Forty per cent of patients are squandering prescribed medicines, a survey of doctors said today.
Young people aged between 13 to 29 are the biggest culprits, just ahead of the elderly, according to 1,000 GPs questioned for the Norwich Union Healthcare survey.
Twenty five per cent of GPs said non-compliance to treatment was most likely when patients believe they are better before finishing a prescription.
But 61 per cent of the GPs said this contributed to a patient’s long-term sickness and a similar number said it increased the burden on the NHS.
One GP blamed the statistics on moves by patients to take more healthcare decisions into their ‘own hands’.
Dr Ann Robinson said: ‘One of the reasons for this wastage is that many patients now prefer to take their health into their own hands and decide when and how to use the drugs they have been prescribed.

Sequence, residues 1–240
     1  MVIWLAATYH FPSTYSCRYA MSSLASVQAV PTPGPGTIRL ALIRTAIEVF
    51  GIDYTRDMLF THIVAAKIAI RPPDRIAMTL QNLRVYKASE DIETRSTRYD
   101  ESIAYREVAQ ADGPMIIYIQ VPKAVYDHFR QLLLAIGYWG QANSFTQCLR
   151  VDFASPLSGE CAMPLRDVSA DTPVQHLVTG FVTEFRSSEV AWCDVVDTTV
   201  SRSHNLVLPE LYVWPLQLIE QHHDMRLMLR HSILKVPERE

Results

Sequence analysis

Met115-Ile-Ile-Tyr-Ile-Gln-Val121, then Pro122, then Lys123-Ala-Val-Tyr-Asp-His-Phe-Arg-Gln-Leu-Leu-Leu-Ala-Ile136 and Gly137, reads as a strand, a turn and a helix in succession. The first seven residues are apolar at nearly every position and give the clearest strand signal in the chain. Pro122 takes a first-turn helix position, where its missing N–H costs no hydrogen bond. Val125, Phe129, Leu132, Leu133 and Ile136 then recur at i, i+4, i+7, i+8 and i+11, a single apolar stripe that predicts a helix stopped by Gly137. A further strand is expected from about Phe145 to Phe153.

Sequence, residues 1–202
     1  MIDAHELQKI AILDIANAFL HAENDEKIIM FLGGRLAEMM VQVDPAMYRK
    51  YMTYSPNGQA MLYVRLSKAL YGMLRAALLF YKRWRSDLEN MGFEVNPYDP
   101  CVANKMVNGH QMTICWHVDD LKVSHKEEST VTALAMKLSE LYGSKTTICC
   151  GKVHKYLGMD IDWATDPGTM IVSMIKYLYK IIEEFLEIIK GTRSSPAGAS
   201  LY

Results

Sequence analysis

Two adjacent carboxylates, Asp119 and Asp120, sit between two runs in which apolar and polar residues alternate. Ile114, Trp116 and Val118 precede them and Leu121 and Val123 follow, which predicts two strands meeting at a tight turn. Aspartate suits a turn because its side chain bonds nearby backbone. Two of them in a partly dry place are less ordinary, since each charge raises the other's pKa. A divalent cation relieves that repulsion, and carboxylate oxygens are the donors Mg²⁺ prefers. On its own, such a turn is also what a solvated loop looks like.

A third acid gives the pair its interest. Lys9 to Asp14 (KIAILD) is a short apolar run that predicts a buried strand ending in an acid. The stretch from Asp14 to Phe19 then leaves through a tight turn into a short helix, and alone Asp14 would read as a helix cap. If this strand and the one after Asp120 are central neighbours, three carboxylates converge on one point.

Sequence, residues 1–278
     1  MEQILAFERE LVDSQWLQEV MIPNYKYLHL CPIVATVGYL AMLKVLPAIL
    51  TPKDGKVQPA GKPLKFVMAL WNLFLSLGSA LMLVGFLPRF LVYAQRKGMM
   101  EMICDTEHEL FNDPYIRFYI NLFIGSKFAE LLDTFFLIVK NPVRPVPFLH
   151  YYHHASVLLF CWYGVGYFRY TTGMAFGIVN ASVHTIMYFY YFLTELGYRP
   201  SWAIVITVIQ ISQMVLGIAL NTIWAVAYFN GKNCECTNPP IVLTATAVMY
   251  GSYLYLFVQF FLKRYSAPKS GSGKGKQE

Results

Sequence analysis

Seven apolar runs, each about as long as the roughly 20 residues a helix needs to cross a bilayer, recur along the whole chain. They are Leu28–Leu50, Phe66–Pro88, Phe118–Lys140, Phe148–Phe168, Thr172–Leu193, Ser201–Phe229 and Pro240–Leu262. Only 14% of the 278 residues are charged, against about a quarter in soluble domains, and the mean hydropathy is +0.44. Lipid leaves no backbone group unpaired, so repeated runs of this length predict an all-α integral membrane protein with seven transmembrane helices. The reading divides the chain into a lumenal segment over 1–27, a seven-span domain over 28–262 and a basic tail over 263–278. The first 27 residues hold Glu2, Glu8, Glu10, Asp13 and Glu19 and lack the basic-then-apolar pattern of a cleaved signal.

‘What’s more, tough targets mean less time with patients and less focus on educating them about what’s best for their wellbeing.
‘I believe that these days much of the waste also occurs because the doctor has not spent enough time with the patient and hasn’t fully understood their needs and concerns.’
Doctors estimated that 36 per cent of patients now self-diagnose ahead of appointments, with 77 per cent agreeing that online surgeries could undermine the traditional doctor-patient relationship.
Twenty one per cent even said patients should be financially penalised for not completing a treatment.
Dr Doug Wright, clinical spokesperson for Norwich Union Healthcare, said: ‘This is not just a case of money wastage; by not complying with treatments, patients risk making their condition worse and incurring more health problems.’
A Department of Health spokesman said: ‘We fully agree that wastage needs to be reduced as much as possible.
‘Our approach, via the development of medicines management schemes and repeat dispensing, is to help patients get the most from their medicines while at the same time reducing waste.’